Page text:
Are you having episodes of sudden diarrhea?

Your symptoms of sudden flushing, sweathing, tachycardia and rapid breathing makes me think of a rare disorder called carcinoid syndrome. This is in combination with the tricuspid regurge.

It is quite rare and should not be the first thing to jump to mind but i think it should be considered. Have you ever been told about the cause of the right sided heart failure that you developed after your surgery?

A sleep study was a trial to come to the diagnose of this right sided heart failure, i assume.

i don't think that it should be a problem if you mention to your primary doctor that you don't like to be seen by the cardiologist and that if he does not mind, you would like to be seen in a bigger center for a second opinion, i don't think that he will be offended by that.

Carciniod syndrome involves the release of a hormone in the blood called serotonin amongst others. A high level of the breakdown products of this hormone detected in the urine is usually dignostic.

Please, discuss these symptoms with your doctor and see what he thinks.

Thank you very much for using our website and i hope that this information helped.

Yasser Mokhtar, M.D.
 mesu - Wed Mar 02, 2005 4:43 pm

Thanks so much for your reply and the information on carcinoid syndrome. I'll definitely discuss this with my new primary physician when I see him.

In response to your questions -

<Are you having episodes of sudden diarrhea?>

Yes, I have had more frequent episodes of diarrhea in recent years. Frankly, I didn't think much of it - simply chalked it up to menopause and age. I understand that further symptoms of carcinoid syndrome can include wheezing, high/low blood pressure, and weight loss. I have had no wheezing, blood pressure is controlled with Toprol XL 50 mg (~110-120/70), and weight gain has become a bigger problem than weight loss.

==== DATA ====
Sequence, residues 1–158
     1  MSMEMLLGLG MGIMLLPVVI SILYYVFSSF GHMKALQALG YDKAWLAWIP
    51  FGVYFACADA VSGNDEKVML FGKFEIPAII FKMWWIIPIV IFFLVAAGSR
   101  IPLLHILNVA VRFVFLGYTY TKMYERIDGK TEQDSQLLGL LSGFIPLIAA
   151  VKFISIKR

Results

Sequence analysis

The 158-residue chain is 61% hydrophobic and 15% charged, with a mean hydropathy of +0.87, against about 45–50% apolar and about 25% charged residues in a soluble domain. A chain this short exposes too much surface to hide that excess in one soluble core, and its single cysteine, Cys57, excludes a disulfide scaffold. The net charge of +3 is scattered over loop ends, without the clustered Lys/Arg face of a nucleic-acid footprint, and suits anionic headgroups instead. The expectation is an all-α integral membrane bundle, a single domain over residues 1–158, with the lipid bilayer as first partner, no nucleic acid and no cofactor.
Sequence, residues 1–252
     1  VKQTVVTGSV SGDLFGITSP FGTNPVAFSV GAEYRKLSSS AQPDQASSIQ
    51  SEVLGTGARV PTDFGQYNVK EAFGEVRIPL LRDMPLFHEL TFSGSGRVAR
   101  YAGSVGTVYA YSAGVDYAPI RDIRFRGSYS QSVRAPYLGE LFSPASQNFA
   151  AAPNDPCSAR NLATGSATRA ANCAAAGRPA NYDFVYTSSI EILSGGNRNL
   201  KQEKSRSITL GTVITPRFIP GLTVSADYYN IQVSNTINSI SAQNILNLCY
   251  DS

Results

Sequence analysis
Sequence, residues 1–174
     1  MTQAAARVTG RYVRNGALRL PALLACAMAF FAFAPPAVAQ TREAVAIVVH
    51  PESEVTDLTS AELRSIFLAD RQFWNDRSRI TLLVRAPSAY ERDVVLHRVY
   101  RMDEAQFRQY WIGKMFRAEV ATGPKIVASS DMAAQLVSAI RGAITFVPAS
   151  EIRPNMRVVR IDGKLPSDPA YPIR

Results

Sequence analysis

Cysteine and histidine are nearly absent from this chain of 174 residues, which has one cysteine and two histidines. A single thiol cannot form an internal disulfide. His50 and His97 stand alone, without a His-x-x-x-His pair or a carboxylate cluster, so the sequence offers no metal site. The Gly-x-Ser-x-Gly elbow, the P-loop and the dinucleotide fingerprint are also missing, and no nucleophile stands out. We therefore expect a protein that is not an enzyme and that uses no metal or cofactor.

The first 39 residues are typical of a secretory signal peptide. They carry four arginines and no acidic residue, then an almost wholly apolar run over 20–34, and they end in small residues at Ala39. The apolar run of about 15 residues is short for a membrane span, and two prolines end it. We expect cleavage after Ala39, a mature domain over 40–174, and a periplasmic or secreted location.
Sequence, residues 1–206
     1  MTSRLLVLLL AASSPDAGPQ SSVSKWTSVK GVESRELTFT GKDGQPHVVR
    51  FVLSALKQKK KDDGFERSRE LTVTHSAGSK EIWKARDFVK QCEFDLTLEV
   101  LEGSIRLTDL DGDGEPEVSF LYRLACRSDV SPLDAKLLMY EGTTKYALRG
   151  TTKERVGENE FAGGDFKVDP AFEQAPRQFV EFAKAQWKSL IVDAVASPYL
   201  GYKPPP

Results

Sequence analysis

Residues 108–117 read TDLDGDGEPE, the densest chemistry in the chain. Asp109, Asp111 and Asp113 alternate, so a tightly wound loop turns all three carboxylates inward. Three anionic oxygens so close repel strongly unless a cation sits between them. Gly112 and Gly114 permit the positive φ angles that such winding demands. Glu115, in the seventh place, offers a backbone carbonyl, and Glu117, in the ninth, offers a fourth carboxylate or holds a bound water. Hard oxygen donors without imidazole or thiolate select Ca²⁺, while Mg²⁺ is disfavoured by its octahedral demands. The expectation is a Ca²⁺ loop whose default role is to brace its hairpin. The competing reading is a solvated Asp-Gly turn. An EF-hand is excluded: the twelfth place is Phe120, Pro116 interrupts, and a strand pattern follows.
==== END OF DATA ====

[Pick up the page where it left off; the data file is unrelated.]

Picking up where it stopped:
<Have you ever been told about the cause of the right sided heart failure that you developed after your surgery?>

As I mentioned in my previous post, the tricuspid regurgitation, right-sided failure, and related symtoms resolved in about six months following aortofem surgery. I discontinued the lasix, potassium, and Cozaar at that time and have had not had similar symptoms since. I did ask the cardiologist if the regurgitation was a result of the surgery. He said it was not, and went on to explain the mechanics of the valve but never really said what caused it in the first place. It was my understanding that when the symptoms resolved so did the regurgitation and right-sided failure. Am I wrong about this? I have not had any tests done since that time except an EKG.

Thanks, again, for the information. You've been very helpful.
 Dr. Yasser Mokhtar - Wed Mar 02, 2005 11:26 pm

User avatar Dear mesu,

Thank you very much for the update.

Right sided heart failure is rarely primary, i.e. due to right ventricular failure. It is usually secondary to a problem either in the lung or the left ventricle.

Where you given any blood thinners during these 6 months? Did you have a ct scan of the chest to rule pulmonary embolism at any point?

If the symptoms subsided, most probably the right sided heart failure improved, but i would still recommend that you have a follow up echocardiogram.

Keep us posted with how your visit to your primary care physician turns out.

Thank you very much for using our website and i hope that this information helped.

Yasser Mokhtar, M.D.